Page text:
The Government’s Welfare Reform Programme is the biggest change to the welfare system in at least 60 years. As well as reducing how much is spent on benefits, the Government say that the main aim of the reforms is to reduce reliance on welfare benefits and make work pay.
The changes mainly affect people of working age. Most of the changes do not apply to people who have reached the qualifying age for State Pension Credit.
Some of the ‘welfare reform’ changes have already been introduced for tenants who rent their home from a private landlord. For example, the reduction in the Local Housing Allowance rates and the limit on Housing Benefit for single people under 35 to shared accommodation rates.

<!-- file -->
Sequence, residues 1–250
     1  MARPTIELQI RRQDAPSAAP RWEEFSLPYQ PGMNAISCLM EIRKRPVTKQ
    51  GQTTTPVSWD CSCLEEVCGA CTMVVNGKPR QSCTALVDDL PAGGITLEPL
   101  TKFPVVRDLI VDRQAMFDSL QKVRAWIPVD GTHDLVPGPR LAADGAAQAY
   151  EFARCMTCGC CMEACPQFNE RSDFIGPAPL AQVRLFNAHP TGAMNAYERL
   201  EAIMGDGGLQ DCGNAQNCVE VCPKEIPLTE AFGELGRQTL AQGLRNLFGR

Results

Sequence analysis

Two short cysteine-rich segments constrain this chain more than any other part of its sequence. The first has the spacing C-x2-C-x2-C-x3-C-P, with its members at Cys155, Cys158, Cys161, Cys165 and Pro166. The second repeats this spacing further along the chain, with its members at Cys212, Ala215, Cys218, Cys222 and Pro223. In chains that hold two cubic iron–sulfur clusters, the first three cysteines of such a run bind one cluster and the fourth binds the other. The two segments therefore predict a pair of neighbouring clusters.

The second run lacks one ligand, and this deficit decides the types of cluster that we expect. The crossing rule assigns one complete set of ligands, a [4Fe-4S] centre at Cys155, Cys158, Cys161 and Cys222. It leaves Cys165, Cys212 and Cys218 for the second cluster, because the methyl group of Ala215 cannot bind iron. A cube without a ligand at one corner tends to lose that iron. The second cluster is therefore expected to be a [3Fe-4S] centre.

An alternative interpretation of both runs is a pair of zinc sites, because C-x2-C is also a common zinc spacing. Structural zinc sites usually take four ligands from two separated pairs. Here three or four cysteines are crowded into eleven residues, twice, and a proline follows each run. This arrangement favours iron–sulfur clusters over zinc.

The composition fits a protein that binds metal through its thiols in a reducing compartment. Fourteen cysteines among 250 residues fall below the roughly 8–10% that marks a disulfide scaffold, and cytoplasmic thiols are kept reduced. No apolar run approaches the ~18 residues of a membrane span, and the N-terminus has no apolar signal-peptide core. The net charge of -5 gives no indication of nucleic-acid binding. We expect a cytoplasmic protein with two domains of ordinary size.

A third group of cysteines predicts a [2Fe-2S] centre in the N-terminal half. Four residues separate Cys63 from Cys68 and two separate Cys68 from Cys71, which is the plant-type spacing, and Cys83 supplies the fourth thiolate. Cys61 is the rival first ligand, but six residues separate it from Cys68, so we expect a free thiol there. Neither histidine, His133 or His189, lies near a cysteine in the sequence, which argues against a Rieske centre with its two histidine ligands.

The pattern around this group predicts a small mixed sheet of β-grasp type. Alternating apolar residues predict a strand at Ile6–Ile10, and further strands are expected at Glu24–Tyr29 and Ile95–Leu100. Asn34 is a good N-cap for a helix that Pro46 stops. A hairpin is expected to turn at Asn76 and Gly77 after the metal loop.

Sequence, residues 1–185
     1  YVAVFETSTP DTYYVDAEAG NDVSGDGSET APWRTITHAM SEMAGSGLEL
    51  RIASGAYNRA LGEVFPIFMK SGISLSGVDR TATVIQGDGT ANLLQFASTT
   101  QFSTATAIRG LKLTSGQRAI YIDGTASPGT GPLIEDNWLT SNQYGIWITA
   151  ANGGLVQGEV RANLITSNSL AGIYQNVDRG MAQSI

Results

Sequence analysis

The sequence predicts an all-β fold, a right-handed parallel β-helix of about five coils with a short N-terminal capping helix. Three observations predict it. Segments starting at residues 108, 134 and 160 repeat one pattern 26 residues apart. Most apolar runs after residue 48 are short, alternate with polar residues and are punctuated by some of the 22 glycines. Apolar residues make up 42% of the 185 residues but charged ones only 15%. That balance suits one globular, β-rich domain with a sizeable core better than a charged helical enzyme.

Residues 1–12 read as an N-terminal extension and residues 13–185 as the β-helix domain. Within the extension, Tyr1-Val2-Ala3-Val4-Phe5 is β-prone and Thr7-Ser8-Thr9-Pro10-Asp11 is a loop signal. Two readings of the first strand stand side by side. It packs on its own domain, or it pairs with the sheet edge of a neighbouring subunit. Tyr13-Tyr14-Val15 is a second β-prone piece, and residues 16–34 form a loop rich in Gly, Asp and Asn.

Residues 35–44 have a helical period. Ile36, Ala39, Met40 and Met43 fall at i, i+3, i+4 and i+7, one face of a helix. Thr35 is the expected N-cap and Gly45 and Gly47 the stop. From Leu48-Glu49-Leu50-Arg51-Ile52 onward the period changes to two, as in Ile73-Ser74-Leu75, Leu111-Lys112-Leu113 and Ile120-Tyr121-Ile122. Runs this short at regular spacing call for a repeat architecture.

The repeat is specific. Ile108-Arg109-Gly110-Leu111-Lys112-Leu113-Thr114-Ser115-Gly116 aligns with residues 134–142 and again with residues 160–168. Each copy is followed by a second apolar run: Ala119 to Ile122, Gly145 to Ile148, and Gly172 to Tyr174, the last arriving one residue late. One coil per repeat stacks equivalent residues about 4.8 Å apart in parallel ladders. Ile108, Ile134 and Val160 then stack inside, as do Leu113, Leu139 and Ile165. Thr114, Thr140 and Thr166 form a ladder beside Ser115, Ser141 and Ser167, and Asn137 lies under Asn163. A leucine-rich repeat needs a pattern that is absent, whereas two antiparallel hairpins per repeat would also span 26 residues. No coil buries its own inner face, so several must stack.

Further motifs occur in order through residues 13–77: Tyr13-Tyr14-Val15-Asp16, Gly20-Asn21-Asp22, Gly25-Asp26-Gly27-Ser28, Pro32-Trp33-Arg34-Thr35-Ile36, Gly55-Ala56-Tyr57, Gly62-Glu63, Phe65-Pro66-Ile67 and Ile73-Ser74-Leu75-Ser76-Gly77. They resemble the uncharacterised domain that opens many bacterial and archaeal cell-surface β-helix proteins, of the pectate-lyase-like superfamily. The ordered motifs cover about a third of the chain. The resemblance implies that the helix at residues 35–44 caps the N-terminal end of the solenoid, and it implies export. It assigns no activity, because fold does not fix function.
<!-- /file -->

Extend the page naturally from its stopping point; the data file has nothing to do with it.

The information here is about the main forthcoming changes to Housing Benefit and Council Tax Benefit. There are also changes happening to other benefits such as Disability Living Allowance. You can find more information about all the changes on the Department for Work and Pensions website at www.dwp.gov.uk/policy/welfare-reform.
For details of advice and support available to people affected by the changes please see the factsheet attached to this page.
The Benefit Cap
From April 2013, a ‘cap’ is being introduced on the benefits received by working age households who do not work. At first, the benefit cap will only apply to people living in certain areas in London. However, the cap will start to apply to people in all other areas from 15 July 2013 with everyone affected being capped by the end of September 2013. The benefit cap is being introduced so that people who are not working do not receive more income than the average earnings of people or households in work.
The Department for Work and Pensions will write to all households that it expects to be affected by the benefit cap. The letter will give details of support available to help them find work. A national helpline has also been set up (0845 605 7064).